Firstly, loyalty program builders should approach it incrementally, encouraging one more purchase every trip, one more trip to the store, and so on. The place to start, he said, is with understanding how customers are different, taking stock of their varying behaviours and matching them up with data. Thinking about profitability, he pointed out, is anti-loyalty thinking.

Next Ciancio said that the loyalty ladder needs to be re-envisioned. Loyalty isn’t about the program, but rather the approach: understanding customers and the path to purchase; creating the right communications in the right place at the right time; and taking actions in-store that show changes in approach involving a good understanding of adjacencies. Finally, Ciancio said that loyalty is about putting the best customers first and that personalization is key, particularly in this digital age.

“It’s about managing, growing and ‘taking care of’ in ways that are relevant to your best customers,” said Ciancio.

The community & content strategy of retailers

Next, a panel consisting of Tony Chapman, partner & CEO, Capital C; Byron Ells, senior director media and digital, Shoppers Drug Mart; Rosie Riolino-Serpa, AVP digital, Canadian Tire Corporation; and moderated by Will Novosedlik, VP brand, Idea Couture, tackled questions around community and content strategies at retail.

They began by addressing how data is handled and how digital can support integration. Riolino-Serpa noted that there should be consistency in data, achieved by taking a holistic approach to digital deployment, having it go across all customer touch points. Chapman added that retailers should differentiate their social experiences. All three agreed that leveraging digital to foster in-store engagement is important.

With regard to the threat of smartphones arming consumers with “pricing power,” all the panelists agreed that it was a reality, but Ells noted that it presents a tremendous opportunity for retailers to connect outside the store from within the store, particularly if focusing on utility. Chapman added that mobile content and experiences should be customized based on buyer behavior, noting that tech is a great way to enhance helping customers/consumers get to where they need to go and differentiating from competitors. His advice to retailers: to frame themselves as a concierge, an authority, a purveyor of convenience rather than focusing on price.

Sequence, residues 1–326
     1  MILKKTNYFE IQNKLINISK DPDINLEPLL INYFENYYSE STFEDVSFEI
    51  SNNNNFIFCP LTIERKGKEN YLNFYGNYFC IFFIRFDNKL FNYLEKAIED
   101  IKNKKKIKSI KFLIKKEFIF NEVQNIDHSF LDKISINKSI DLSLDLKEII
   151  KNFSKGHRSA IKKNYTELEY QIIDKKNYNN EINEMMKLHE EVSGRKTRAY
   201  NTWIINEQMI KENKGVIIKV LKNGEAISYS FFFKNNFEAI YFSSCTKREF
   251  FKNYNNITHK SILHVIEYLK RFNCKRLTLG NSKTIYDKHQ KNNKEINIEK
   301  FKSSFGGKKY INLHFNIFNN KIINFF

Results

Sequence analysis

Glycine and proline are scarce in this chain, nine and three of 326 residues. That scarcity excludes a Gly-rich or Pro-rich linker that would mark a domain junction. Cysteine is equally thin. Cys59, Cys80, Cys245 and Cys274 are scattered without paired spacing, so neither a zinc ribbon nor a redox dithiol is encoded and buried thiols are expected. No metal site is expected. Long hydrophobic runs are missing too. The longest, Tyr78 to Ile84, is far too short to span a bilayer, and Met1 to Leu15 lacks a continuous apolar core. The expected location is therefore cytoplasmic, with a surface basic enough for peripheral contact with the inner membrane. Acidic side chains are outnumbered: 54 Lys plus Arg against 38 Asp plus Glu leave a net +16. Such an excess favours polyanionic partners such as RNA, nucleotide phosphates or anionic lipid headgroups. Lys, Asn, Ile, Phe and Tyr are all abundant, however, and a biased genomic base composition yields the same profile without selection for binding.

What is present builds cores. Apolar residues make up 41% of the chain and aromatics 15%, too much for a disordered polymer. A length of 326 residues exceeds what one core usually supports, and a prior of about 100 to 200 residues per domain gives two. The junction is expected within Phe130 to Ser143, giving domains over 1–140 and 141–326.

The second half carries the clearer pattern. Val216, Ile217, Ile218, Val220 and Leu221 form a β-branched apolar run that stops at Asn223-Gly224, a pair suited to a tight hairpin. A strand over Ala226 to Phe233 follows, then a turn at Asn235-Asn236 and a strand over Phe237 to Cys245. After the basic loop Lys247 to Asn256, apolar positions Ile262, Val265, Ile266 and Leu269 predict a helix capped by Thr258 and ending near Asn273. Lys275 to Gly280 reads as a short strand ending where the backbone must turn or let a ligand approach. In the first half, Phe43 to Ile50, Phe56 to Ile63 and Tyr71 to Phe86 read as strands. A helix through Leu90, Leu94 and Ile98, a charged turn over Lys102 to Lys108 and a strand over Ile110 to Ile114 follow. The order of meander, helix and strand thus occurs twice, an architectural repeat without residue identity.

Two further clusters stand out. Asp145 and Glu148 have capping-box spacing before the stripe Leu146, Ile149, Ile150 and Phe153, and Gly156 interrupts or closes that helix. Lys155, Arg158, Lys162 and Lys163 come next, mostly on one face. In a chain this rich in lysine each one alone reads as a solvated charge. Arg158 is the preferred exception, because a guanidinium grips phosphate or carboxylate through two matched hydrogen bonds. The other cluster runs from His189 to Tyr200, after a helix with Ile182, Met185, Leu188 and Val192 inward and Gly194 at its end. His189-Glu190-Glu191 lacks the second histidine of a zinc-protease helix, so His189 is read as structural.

Frenemies in the land of shopper marketing

Rich Butwinick, president/founder, MarketingLab, and Lynn Neal, NA retail strategy leader, Procter & Gamble, were up next presenting strategies on how brands can compete to survive in an emerging private label landscape.

The pair outlined three proven approaches that manufacturers can take to survive against the private label onslaught. The first was exhibiting brand control, particularly keeping in mind the power of claims, in order to establish brand value. They noted that while superiority or performance-based claims can be effective, emotion-based claims are particularly powerful.

The second approach revolved around collaboration. Butwinick and Neal pontificated on the bonuses of things made by, or exclusively for, retailers, for example, a dedicated cleaning aisle driven by three branded label products.

Innovation was the pair’s third approach and works best for brands that have innovation ingrained as part of their culture. They focused on product and package, commercial and merchandise innovation, the example for the latter being Swiffer’s change to eliminate its previous box package in favour of a minimal cardboard casing that more effectively shows off the product.

Integer examines the mindset of Canadian shoppers

Marcus Evans, managing director, Integer Canada, delivered one of SMF 12’s final addresses on his company’s assessment of how the Canadian shopper thinks.

He noted the recent trend of Canadian shoppers exhibiting frugal buying behavior, and general consumer uncertainty. Despite the fact that the Canadian economy is in relatively good shape, the perception is that Canadian shoppers still have a lot they need to be concerned about. He described the Canadian shopping mentality as “cautiously cautious,” but he pointed out that shopping still matters to Canadians.

Evans then divided the shopping experience into three different segments: pre-tail, retail and post-tail, noting that Canadian shoppers love to plan their shopping. For example, 24% spend time researching what they want to buy. Twenty-eight per cent compare prices before visiting the store and 51% always use a list. He added that if a brand can get on that list the shopper is highly likely to stay with that brand.

Evans said that marketers should focus on reaching Canadian shoppers at the pre-tail phase, as that’s when and how people choose the brands they will purchase. He noted later, however, that despite a frugal mindset, Canadians are open to impulse purchases, which are driven by deals and great offers.

Evans wrapped up the presentation by indicating Canadians fall into one of two shopping buckets: mission-based planners and inspiration-seeking explorers, most falling into the former category. He left the audience with a few things to keep in mind: engage at pre-tail as much as possible; offers are important, but are not the be all end all; mobile is key; social experimentation is key; and CRM will be vital.